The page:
Karen Burns, front, protests outside the O.K. Industry work site along Millstream Road on Thursday, Feb. 4. The protestors have been set up twice daily since Monday, and Burns said they will keep showing up "every day for as long as it takes." The group would like to see a reform of the B.C. Mines Act, Burns said. (Dawn Gibson/News Staff)

Highlands community set to present anti-quarry argument in court Wednesday

Community Association says permit fails to consider climate change

A resident push against the Millstream Quarry are far from over, with the latest appeal from the Highlands District Community Association (HDCA) set to be heard Wednesday by B.C.’s Court of Appeal.

The appeal against quarry owner O.K. Industries, paving and asphalt company, claims the government failed to consider climate change impacts when issuing the permit for the quarry. It’s an appeal of the judicial review findings that rejected the HDCA’s claim that failure to consider climate change made the decision to issue a permit unreasonable.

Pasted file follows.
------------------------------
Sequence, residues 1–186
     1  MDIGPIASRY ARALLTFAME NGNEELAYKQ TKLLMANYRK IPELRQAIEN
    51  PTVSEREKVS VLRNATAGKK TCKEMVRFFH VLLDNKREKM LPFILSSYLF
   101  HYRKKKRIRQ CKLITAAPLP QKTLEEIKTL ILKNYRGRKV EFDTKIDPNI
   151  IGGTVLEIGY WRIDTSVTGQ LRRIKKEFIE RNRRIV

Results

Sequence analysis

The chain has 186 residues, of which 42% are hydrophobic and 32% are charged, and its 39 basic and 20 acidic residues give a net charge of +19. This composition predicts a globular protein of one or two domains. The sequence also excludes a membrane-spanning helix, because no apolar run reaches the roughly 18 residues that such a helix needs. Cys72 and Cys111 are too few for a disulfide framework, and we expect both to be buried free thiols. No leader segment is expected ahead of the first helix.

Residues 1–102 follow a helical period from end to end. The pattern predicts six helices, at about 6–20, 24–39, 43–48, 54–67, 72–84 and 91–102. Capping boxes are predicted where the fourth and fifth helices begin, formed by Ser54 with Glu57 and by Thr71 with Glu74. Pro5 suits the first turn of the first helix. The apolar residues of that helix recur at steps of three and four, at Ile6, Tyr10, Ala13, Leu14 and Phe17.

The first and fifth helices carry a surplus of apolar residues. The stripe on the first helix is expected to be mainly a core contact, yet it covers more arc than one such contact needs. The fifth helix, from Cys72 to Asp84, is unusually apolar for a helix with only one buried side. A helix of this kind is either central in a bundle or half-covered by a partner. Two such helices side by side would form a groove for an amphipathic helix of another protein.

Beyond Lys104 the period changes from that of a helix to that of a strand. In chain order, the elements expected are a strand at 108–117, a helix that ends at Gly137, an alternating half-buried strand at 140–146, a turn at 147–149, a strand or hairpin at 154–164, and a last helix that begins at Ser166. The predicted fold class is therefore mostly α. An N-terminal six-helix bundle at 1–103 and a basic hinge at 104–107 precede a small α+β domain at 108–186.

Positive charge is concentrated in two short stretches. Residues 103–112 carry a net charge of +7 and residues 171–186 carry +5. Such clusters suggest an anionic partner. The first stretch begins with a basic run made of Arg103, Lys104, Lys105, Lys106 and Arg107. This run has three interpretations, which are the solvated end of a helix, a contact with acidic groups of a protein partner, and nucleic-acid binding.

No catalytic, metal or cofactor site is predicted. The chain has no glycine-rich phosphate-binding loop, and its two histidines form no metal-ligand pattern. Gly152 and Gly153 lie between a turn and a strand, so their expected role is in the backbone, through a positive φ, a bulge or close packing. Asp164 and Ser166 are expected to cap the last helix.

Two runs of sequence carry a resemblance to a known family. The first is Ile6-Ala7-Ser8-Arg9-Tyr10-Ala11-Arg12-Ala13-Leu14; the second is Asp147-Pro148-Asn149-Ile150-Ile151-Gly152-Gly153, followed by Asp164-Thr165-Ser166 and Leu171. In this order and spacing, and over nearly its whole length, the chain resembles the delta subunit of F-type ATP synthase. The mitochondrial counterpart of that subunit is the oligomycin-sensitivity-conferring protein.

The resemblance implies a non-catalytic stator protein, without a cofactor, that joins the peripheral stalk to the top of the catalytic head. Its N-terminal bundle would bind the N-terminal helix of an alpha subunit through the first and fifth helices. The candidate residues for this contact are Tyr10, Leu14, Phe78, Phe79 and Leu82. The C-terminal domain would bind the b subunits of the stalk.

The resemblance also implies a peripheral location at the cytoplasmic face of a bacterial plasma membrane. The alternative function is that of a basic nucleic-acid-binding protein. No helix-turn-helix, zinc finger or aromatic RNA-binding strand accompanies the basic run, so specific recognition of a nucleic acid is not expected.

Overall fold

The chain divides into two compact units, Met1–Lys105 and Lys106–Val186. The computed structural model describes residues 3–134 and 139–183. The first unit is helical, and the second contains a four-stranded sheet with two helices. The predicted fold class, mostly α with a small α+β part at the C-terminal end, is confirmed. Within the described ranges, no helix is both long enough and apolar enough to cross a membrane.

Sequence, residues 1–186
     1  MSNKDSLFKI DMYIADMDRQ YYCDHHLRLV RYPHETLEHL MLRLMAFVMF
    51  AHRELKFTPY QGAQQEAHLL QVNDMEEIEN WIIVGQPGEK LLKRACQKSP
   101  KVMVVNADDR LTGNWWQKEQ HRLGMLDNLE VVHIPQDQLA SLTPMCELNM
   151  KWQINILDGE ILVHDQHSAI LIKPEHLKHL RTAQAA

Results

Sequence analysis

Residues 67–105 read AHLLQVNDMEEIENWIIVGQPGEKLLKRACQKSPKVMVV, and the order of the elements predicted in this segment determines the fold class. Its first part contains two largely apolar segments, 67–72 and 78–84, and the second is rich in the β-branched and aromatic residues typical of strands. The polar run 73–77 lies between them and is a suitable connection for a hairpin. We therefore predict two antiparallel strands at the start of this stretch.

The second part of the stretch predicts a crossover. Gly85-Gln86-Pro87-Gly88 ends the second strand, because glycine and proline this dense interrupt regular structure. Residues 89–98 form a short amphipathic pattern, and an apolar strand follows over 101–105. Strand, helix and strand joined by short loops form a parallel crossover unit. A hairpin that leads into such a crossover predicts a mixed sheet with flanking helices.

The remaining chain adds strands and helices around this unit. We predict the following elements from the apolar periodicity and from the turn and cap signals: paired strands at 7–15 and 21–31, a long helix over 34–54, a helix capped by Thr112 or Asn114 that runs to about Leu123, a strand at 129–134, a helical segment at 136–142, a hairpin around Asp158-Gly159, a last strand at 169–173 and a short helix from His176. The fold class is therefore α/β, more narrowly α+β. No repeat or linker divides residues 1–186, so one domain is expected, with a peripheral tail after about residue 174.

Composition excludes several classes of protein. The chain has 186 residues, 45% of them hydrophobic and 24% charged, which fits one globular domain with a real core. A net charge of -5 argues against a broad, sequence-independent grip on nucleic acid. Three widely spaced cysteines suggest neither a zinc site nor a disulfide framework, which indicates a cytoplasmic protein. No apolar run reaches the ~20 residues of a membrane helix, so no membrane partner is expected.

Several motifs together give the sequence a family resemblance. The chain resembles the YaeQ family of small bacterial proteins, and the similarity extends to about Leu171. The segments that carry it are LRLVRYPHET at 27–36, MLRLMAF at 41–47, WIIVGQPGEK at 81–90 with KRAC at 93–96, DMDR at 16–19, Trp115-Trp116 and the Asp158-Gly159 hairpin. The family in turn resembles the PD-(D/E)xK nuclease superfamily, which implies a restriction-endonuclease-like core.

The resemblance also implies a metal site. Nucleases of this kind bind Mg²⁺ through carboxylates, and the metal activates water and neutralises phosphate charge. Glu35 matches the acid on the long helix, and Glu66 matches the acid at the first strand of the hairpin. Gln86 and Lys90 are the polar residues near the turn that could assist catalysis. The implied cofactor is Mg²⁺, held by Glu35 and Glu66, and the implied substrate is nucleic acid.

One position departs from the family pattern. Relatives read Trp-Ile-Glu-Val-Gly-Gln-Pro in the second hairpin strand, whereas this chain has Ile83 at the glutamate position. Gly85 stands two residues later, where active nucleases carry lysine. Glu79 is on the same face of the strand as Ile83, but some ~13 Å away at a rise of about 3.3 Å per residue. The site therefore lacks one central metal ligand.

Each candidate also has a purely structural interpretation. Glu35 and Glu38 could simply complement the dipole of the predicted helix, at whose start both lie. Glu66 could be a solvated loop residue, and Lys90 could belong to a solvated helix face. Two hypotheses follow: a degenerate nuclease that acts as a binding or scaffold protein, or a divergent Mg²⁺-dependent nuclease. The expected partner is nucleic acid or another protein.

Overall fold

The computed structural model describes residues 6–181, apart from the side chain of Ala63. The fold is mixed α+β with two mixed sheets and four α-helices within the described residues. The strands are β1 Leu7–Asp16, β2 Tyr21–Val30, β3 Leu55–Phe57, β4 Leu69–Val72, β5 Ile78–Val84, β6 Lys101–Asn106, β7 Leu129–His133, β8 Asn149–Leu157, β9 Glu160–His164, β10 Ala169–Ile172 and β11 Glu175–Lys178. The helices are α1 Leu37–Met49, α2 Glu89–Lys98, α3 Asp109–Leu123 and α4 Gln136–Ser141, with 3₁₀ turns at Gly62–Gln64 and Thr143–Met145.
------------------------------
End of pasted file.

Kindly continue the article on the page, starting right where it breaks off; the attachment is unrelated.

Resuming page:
READ MORE: BC Supreme Court rules Highlands quarry work can continue

The District of Highlands also appealed the B.C. Supreme Court’s January 2021 decision stating that municipal bylaws do not apply to mines since they are provincially regulated.

In October 2020 when O.K. Industries started clearing trees from the site, a Highlands bylaw officer slapped them with a cease work order for not having municipal tree cutting permits. O.K. Industries took to court to settle the dispute between jurisdictions, and on Jan. 20, the B.C. Supreme Court determined that Highlands bylaws do no apply to the Millstream Quarry as long as it’s an active mine.

PHOTOS: Protests hold firm against work on Highlands quarry site


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